Characters: Genma, Kakashi and fierce mention of Hayate
Summary: When Gekkou Hayate passed on, he did so the way he did all things: silently and profoundly. When the Jounin he fought beside paid respect to his memory, they did so the same way.
Two days after the shock of Gekkou Hayate’s death, before Shiranui Genma would be tied up with refereeing the next round of the Chuunin exam, a note was found posted to the Jounin room door:
“He was always silent at the Academy. The only thing telling that he was alive was the occasional, discrete cough. Otherwise, Gekkou Hayate was silent as the grave.
He never cried when he got hurt or when he lost or when he was reprimanded for doing something wrong like the other kids would. He would simply stand, silently absorbing it. I was never really sure whether I admired that trait of his or if it just freaked me out.
Though his silence was what made every other thing he said so profound. The less he spoke, the more important the words he did let out were. As was the same way with his odd sense of humor. He was cool in that kind of way.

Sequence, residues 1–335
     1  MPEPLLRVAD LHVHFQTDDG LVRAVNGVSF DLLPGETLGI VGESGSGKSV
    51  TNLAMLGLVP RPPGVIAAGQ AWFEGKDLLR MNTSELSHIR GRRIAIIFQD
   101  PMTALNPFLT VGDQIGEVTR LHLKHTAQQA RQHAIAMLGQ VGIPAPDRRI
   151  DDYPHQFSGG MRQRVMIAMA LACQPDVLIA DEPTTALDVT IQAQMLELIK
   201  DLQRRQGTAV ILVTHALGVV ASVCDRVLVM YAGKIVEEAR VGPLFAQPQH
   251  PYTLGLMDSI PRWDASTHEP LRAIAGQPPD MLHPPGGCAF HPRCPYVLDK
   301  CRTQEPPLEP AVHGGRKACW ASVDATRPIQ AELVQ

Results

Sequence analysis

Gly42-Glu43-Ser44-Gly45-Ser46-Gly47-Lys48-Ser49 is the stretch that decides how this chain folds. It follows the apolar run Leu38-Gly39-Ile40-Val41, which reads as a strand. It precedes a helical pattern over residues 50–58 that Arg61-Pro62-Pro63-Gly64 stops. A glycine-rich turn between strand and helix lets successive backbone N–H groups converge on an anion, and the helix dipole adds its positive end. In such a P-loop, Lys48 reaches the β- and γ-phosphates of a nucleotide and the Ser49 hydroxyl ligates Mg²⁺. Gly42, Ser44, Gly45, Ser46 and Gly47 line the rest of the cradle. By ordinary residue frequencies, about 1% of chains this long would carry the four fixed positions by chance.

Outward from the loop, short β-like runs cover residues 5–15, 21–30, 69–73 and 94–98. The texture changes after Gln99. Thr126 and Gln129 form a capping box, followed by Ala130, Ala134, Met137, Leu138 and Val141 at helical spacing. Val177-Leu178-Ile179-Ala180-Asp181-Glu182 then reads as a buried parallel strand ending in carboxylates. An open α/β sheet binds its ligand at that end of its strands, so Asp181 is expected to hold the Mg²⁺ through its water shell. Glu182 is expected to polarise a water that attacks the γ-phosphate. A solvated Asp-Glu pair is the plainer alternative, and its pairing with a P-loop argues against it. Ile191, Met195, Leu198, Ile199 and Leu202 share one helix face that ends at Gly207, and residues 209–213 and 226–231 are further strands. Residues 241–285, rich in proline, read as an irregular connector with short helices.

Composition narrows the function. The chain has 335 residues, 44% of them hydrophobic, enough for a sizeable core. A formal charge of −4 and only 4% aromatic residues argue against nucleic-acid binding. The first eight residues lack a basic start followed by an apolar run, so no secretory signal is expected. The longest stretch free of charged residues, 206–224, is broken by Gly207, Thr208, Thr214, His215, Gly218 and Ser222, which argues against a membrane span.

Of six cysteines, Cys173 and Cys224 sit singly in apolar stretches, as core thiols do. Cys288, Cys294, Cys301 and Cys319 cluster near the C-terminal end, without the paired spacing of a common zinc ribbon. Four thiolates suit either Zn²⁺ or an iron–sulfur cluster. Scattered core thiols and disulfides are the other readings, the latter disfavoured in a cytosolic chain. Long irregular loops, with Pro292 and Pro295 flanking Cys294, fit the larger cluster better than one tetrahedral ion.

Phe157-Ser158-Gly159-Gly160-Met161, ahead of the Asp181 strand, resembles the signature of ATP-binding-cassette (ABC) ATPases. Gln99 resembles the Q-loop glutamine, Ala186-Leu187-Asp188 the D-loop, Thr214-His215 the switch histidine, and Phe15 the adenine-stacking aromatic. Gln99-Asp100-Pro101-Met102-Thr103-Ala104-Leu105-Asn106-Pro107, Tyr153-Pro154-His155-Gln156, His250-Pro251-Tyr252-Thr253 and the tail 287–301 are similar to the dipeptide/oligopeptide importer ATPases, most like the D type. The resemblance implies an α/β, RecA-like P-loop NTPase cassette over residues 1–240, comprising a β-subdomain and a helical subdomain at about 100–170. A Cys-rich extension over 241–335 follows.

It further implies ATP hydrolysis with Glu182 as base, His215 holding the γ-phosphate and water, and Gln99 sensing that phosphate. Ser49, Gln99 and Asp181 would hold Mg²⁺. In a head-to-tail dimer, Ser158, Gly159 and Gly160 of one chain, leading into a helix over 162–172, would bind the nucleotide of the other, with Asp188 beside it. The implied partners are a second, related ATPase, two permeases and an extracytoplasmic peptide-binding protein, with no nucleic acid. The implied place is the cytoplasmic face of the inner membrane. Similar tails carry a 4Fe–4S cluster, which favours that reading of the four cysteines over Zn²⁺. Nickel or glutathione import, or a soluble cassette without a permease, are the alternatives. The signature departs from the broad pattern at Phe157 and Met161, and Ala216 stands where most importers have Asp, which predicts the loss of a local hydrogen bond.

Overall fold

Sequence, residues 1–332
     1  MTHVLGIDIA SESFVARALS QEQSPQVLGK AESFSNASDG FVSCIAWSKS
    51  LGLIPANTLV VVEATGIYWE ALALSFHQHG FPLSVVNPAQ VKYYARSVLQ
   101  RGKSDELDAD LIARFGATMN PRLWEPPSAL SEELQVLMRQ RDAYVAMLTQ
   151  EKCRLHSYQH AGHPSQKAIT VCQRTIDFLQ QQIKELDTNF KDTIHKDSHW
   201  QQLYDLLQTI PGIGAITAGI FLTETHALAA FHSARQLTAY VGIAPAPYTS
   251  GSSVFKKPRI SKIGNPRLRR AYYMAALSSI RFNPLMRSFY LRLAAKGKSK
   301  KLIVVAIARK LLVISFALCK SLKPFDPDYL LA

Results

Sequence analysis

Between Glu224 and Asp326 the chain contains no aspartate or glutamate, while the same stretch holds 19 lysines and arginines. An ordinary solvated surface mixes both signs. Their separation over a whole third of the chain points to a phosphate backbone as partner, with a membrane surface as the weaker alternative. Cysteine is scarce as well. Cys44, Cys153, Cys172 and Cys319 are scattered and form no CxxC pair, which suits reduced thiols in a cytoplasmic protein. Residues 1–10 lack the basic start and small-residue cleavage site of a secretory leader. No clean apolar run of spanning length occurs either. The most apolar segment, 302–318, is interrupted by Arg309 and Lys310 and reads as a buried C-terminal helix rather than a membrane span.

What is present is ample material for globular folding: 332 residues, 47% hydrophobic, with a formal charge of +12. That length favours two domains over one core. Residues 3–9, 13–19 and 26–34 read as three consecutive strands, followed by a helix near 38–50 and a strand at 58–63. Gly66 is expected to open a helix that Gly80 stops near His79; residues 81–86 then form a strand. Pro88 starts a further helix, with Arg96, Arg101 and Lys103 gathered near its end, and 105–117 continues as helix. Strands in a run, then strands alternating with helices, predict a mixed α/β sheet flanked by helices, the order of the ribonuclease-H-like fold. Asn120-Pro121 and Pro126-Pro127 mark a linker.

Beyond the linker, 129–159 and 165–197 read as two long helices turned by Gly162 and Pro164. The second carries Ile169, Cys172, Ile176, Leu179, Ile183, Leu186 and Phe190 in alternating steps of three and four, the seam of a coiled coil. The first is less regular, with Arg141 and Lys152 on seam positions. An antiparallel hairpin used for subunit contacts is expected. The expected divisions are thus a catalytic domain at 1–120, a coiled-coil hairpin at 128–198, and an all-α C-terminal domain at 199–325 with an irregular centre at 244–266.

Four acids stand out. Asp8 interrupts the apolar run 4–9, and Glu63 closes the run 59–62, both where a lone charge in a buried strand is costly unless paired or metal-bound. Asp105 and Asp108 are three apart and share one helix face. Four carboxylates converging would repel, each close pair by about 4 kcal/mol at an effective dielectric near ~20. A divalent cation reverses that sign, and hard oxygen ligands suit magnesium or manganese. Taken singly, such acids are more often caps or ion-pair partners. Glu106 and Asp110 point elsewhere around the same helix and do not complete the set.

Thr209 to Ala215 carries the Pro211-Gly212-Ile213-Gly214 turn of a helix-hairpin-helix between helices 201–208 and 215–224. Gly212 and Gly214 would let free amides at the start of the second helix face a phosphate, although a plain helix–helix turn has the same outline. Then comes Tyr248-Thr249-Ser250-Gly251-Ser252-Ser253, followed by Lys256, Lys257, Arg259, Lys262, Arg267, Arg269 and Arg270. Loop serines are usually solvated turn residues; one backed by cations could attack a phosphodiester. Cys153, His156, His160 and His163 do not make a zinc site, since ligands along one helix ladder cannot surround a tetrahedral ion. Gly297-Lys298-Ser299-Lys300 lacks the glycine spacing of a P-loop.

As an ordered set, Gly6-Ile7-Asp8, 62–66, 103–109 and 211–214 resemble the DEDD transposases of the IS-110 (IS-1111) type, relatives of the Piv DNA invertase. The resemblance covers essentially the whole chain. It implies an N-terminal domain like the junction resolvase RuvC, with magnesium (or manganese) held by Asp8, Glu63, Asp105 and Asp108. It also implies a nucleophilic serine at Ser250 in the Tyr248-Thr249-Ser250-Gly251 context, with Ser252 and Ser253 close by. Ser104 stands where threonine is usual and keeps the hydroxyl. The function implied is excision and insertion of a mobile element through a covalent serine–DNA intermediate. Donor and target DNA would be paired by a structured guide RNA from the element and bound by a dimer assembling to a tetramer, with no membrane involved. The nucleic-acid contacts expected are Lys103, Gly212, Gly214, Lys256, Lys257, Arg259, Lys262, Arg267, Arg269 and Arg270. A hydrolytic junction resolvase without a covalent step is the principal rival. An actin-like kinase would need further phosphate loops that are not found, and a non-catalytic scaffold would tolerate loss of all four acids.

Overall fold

When you brought a problem to Hayate, he would listen silently and would only give advice if you asked for it. When Hayate had a problem, no one else would ever know about it. No one else would ever worry about it. He wouldn’t let them.
Hayate never expected recognition for the things he did. He never complained and he valued his comrades like blood relatives, which was refreshing seeing as most of us had lost our own long ago. I always liked having Hayate on my team for a mission because I knew I wouldn’t have to be watching my ass to make sure it was covered.
When Hayate fought for his people, for his purpose, he put his whole life into it. When his coughing fits got in the way, he brushed them aside without a question. When he was pushed to his limit, he would struggle farther until his body ceased to allow it.
And as Gekkou Hayate did with all things: When he passed on, he did so silently, and profoundly.
See you later, ‘Yate. We’ll miss you.
Two hours later, a few more sentences were scrawled onto the bottom of the page:
“And when those comrades whose lives were affected by his indomitable spirit fought for his memory, they did so in the same manner he fought for them.
With everything they had.
With everything they owed him.
Rest in peace, Hayate.
The note remained there for three months before it was moved into a frame to be placed on the wall inside the Jounin room, across from a window so, come morning, the sun would hit the glass and reflect it through the room, bringing light, once again, into the depths of the harsh lifestyle that was led in that village, by those people who held him so dear.